• Expression trees can be used to determine the selected property or field in MVC.

In the given code example, a expression (3+5)-(4-2) is divided into three expressions as Exp1 for (3+5), Exp2 for (4-2) and Exp3 for adding Exp1 and Exp2. The expression Expression.Lambda<func<int>>(resultexp).compile()() uses Func generic delegate to parse the expressions.

/// <summary>
    /// Sample example of Expression Tree
    /// 
    class Program
    {
        static void Main(string[] args)
        {
            //Express tree (3+5)-(4-2)
            //3+5
            BinaryExpression Exp1 = Expression.MakeBinary(ExpressionType.Add, Expression.Constant(3),
                Expression.Constant(5));
            //4-2
            BinaryExpression Exp2 = Expression.MakeBinary(ExpressionType.Subtract, Expression.Constant(4),
                Expression.Constant(2));
           // (3+5)-(4-2)
            BinaryExpression resultExp = Expression.MakeBinary(ExpressionType.Subtract, Exp1, Exp2);
            //this stmt will create a delegates by parsing the expression three
            int result = Expression.Lambda<func<int>>
            (resultexp).compile()(); console.writeline("result="{0}",">

Difference Between Each Type of Generic Delegate

Func ActionPredicate
Arguments Yes Yes Yes
Returns Yes No Boolean Type Only

History

  • 13th May, 2014: Initial version

License

This article, along with any associated source code and files, is licensed under The Code Project Open License (CPOL)

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About the Author

Bhim B Thapa
Software Developer APTA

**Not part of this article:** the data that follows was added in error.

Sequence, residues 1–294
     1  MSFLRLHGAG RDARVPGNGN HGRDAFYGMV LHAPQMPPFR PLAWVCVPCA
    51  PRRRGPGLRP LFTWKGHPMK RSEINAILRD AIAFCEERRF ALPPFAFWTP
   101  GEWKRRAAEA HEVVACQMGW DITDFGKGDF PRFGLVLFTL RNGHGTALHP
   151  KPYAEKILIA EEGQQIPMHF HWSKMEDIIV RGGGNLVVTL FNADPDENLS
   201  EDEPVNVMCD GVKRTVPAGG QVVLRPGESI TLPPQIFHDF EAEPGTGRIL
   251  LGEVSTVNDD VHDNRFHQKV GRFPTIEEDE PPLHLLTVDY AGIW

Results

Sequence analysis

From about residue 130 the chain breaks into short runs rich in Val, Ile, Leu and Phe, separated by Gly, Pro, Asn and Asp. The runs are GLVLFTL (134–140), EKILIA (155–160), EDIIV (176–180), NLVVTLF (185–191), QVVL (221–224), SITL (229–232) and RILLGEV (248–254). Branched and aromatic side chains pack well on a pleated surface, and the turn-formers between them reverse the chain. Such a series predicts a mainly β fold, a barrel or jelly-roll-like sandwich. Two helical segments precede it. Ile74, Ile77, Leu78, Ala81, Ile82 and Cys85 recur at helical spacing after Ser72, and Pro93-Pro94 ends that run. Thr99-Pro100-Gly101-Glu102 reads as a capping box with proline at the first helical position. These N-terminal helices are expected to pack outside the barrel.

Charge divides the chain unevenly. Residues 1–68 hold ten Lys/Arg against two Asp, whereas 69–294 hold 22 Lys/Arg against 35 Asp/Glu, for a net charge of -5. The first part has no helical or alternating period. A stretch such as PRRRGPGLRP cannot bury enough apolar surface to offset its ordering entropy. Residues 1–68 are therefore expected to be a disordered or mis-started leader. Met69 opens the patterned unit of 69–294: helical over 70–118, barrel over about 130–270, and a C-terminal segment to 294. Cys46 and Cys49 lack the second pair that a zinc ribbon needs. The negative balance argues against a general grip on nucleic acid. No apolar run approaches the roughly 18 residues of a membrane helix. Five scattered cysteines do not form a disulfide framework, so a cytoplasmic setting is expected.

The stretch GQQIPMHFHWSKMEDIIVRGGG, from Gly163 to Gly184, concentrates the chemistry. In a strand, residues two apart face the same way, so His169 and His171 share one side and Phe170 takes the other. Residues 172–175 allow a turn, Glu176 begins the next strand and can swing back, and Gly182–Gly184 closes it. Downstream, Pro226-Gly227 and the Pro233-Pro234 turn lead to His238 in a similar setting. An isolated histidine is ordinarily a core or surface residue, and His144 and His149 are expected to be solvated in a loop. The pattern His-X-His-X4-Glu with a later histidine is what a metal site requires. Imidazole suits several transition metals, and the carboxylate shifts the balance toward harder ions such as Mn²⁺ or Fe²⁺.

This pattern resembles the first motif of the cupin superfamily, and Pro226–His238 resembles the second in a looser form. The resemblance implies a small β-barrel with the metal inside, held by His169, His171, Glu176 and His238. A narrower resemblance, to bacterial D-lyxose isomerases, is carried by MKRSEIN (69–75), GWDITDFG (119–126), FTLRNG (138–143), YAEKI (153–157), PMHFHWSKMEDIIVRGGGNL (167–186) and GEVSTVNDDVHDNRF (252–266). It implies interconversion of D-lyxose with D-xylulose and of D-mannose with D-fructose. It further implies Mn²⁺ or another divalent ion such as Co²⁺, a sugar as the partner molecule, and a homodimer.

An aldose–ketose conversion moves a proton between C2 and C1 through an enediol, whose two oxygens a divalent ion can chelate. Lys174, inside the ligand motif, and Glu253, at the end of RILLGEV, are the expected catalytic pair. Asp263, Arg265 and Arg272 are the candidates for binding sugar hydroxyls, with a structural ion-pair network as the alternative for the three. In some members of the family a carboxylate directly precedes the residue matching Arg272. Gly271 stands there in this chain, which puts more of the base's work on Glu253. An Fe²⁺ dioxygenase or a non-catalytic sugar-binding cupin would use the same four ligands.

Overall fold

United States United States
No Biography provided

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GeneralMy vote of 5 Pin
Emerald_2625-Sep-16 22:15
professionalEmerald_2625-Sep-16 22:15 
Generalcomment Pin
Member 12452061-Vishal13-Sep-16 9:30
memberMember 12452061-Vishal13-Sep-16 9:30 
GeneralMy vote of 5 Pin
Pratik Bhuva29-Jun-15 5:33
professionalPratik Bhuva29-Jun-15 5:33 
GeneralRe: My vote of 5 Pin
Bhim B Thapa29-Jun-15 6:35
professionalBhim B Thapa29-Jun-15 6:35 
QuestionGreat artical Pin
RhishikeshLathe16-Apr-15 0:24
professionalRhishikeshLathe16-Apr-15 0:24 
AnswerRe: Great artical Pin
Bhim B Thapa28-Apr-15 9:31
professionalBhim B Thapa28-Apr-15 9:31 
GeneralMy vote of 5 Pin
Bilal Fazlani29-Dec-14 23:13
memberBilal Fazlani29-Dec-14 23:13 
GeneralRe: My vote of 5 Pin
Bhim B Thapa30-Dec-14 3:02
professionalBhim B Thapa30-Dec-14 3:02 
QuestionMy vote of 5 Pin
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memberMember 1042270617-Sep-14 4:31 
AnswerRe: My vote of 5 Pin
Bhim B Thapa17-Sep-14 4:36
professionalBhim B Thapa17-Sep-14 4:36 
GeneralMy vote of 3 Pin
Paulo Zemek27-May-14 9:54
professionalPaulo Zemek27-May-14 9:54 
GeneralRe: My vote of 3 Pin
Bhim B Thapa27-May-14 10:36
professionalBhim B Thapa27-May-14 10:36 
QuestionGeneric delegate Pin
Paulo Zemek27-May-14 9:50
professionalPaulo Zemek27-May-14 9:50 
GeneralMy vote of 5 Pin
JCahyaatnttearjee16-May-14 1:00
memberJCahyaatnttearjee16-May-14 1:00 
QuestionReally an interesting article! Pin
Member 1082021814-May-14 23:47
memberMember 1082021814-May-14 23:47 
SuggestionYou fell into the trap MS prepared for us... Pin
alex2001_ts14-May-14 8:46
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GeneralRe: You fell into the trap MS prepared for us... Pin
Bhim B Thapa14-May-14 10:48
professionalBhim B Thapa14-May-14 10:48 
GeneralMy vote of 5 Pin
mrnfalpe14-May-14 7:52
membermrnfalpe14-May-14 7:52 
QuestionSingle Delegate Pin
FatCatProgrammer14-May-14 6:10
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AnswerRe: Single Delegate Pin
Bhim B Thapa14-May-14 7:37
professionalBhim B Thapa14-May-14 7:37 
GeneralRe: Single Delegate Pin
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AnswerRe: Single Delegate Pin
Bhim B Thapa14-May-14 10:49
professionalBhim B Thapa14-May-14 10:49 
GeneralMy vote of 5 Pin
Thiago Romam14-May-14 2:43
professionalThiago Romam14-May-14 2:43 
GeneralRe: My vote of 5 Pin
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GeneralNice article Pin